New York’s Natural Gas Pipeline Ban: Unconstitutional, Bad For The Environment, Economy & Consumers
By Ryan Johnson
Most of our political evils may be traced to our commercial ones.”
– James Madison to Thomas Jefferson, 1786
When the 55 delegates to the Constitutional Convention convened in Philadelphia in 1787, foremost among their concerns was addressing the growing tendency among states to tax or inhibit their neighbors’ commercial trade.
New York was an especially nettlesome practitioner of economic warfare on adjacent states, placing import duties on New Jersey cabbage and Connecticut firewood, while leveraging its preeminent harbor at the mouth of the Hudson River to extract additional fees from its unmaritime peers to the east and south.
In 1824, the U.S. Supreme Court voided a New York law that granted an exclusive right to navigate by steamboat within state waters.
New York is at it again, 195 years later, with Gov. Andrew Cuomo abusing the federal Clean Water Act to prevent the construction of natural gas pipelines across the state, not only denying New Yorkers a reliable, less expensive, and cleaner source of energy, but also denying those same benefits to people living to the east in New England.
The oil and gas industry has used hydraulic fracturing since 1866, with Edward Roberts’ “Exploding Torpedo.” Today’s high-tech fracking uses sophisticated sensors and data analysis to extract hydrocarbons from areas previously thought uneconomical. Fracking is why Pennsylvania is now America’s second-greatest producer of natural gas, behind Texas.
But much of Pennsylvania’s natural gas can’t get to where it’s needed most. In New York’s case, the third-largest source of energy for electric generation and home heating is fuel oil, with natural gas and nuclear power providing the bulk of the state’s energy needs. While New York was 5th in natural gas consumption in the U.S., more than a third of the state’s electricity-generating capacity can switch between gas and fuel oil as needed—but fuel oil produces 38% more carbon dioxide than natural gas and generates more pollution, as well.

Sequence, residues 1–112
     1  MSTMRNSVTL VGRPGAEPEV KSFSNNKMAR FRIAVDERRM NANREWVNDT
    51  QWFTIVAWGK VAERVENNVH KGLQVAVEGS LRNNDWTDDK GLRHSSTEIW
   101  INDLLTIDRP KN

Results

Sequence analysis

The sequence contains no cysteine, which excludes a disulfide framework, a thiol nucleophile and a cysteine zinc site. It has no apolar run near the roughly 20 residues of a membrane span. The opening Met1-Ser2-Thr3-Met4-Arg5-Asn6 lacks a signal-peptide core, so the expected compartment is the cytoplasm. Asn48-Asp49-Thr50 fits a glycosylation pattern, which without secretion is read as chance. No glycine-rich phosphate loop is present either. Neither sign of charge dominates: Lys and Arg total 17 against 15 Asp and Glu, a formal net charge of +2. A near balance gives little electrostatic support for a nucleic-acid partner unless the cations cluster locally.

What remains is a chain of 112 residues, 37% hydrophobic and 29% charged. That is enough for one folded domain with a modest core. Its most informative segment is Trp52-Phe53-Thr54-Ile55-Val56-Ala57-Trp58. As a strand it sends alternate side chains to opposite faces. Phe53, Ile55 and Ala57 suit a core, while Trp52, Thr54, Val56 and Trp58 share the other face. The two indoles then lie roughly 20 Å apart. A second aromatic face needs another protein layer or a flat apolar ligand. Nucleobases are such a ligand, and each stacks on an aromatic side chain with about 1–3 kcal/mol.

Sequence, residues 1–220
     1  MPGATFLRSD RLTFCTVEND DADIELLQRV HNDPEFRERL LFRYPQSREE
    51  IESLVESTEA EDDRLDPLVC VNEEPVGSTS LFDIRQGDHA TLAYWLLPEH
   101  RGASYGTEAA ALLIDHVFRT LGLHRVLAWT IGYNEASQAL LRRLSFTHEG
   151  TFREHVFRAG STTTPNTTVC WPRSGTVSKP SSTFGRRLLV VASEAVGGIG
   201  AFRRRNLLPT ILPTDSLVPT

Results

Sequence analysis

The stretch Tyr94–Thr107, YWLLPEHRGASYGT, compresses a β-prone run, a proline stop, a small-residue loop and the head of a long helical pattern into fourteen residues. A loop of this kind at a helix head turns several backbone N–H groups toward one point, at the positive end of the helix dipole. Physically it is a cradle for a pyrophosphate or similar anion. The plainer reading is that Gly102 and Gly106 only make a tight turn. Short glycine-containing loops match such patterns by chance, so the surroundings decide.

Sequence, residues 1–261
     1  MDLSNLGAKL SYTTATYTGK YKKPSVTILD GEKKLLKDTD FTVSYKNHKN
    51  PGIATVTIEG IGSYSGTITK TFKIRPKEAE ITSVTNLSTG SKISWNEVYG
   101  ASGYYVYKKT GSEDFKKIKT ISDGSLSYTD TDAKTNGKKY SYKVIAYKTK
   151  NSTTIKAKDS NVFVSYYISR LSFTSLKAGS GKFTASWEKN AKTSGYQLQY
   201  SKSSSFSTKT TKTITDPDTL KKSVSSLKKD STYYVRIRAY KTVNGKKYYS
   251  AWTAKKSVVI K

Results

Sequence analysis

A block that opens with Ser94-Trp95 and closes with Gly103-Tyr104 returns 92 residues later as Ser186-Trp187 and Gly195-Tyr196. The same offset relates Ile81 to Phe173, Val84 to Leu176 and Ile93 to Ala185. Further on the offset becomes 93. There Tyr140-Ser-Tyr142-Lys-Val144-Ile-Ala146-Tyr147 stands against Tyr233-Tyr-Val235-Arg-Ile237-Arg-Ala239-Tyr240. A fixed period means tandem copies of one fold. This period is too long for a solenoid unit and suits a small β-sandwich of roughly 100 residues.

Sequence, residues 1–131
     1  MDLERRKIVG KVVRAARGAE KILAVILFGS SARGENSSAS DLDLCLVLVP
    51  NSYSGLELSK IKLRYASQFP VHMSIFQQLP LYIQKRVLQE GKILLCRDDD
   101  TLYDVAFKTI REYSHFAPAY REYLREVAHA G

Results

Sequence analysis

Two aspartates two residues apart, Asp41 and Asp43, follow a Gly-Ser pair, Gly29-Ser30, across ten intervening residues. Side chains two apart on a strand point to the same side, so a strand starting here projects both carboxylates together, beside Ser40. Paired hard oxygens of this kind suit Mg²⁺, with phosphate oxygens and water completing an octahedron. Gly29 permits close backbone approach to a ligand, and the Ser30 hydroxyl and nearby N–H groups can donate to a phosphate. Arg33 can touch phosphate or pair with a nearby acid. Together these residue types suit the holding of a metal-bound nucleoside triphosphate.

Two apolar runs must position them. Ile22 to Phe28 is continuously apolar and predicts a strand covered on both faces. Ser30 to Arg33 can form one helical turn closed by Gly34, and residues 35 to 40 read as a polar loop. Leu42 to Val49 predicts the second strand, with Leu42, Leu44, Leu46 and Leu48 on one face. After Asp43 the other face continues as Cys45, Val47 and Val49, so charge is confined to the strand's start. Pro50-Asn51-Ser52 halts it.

And, while Gov. Cuomo continues to obstruct new pipelines, generating political goodwill from some, his state’s policies, combined with a 99-year-old law that bans foreign vessels from shipping cargo between U.S. ports, result in the importation of liquified natural gas (LNG) from Russia and Trinidad and Tobago—rather than Pennsylvania or Texas.
Compounding New York’s natural gas shortage is a state ban on fracking, which essentially places the Empire State’s portion of the vast Marcellus shale formation off limits to economic activity.
But the region needs energy, and so natural gas is making into New York and points east, whether imported from overseas or shipped in on rail car (at a considerable premium to liquify and transport the fuel).
The Trump Administration has taken note of the efforts to block oil and gas pipeline construction around the nation, whether it is Keystone XL in the Midwest or the Constitution Pipeline in New York, and responded with three initiatives: Executive orders to remove regulatory impediments to natural gas transport in the Northeast; speed up the permitting process for interstate pipelines and related infrastructure; and allow for rail shipment of LNG.
These remedies may take a year or more to implement. Until then, New York’s anti-domestic natural gas policies are resulting in energy distributors National Grid and Con Ed telling regulators that they can’t accept new customers due to supply shortages.
When public policy restricts energy supplies, the inevitable result is higher prices. In the case of electricity, the U.S. Energy Information Administration reported New England’s average electric costs in 2017 at 16.58 cents per Kilowatt-hour, the costliest regional average in the 48 contiguous states. New York electric consumers paid 14.74 cents per Kilowatt-hour, the highest outside of New England in the lower 48 except for California. In energy-rich Pennsylvania, electricity went for 10.13 per Kilowatt-hour in 2017, placing a projected policy price premium for electricity at 46% in New York and 64% in New England.
Higher energy costs and less reliable supplies act to put further downward pressure on a regional economy that’s already been losing residents and investment to other states. The U.S. Census Bureau estimating that 167,000 more people moved out of New York to other states than moved in in 2017, with Massachusetts seeing a net loss of 27,000 to domestic migration that year. Meanwhile, Gov. Cuomo has warned of a tax revenue shortfall of $2.3 billion, as higher income New Yorkers move to avoid paying the state’s high taxes.
Reversing New York’s de facto ban on the construction of new natural gas pipelines will increase the supply of a reliable and clean American-made fuel to consumers in New York and New England, reducing the cost to heat and light homes while also significantly reducing the region’s reliance on energy imported from overseas.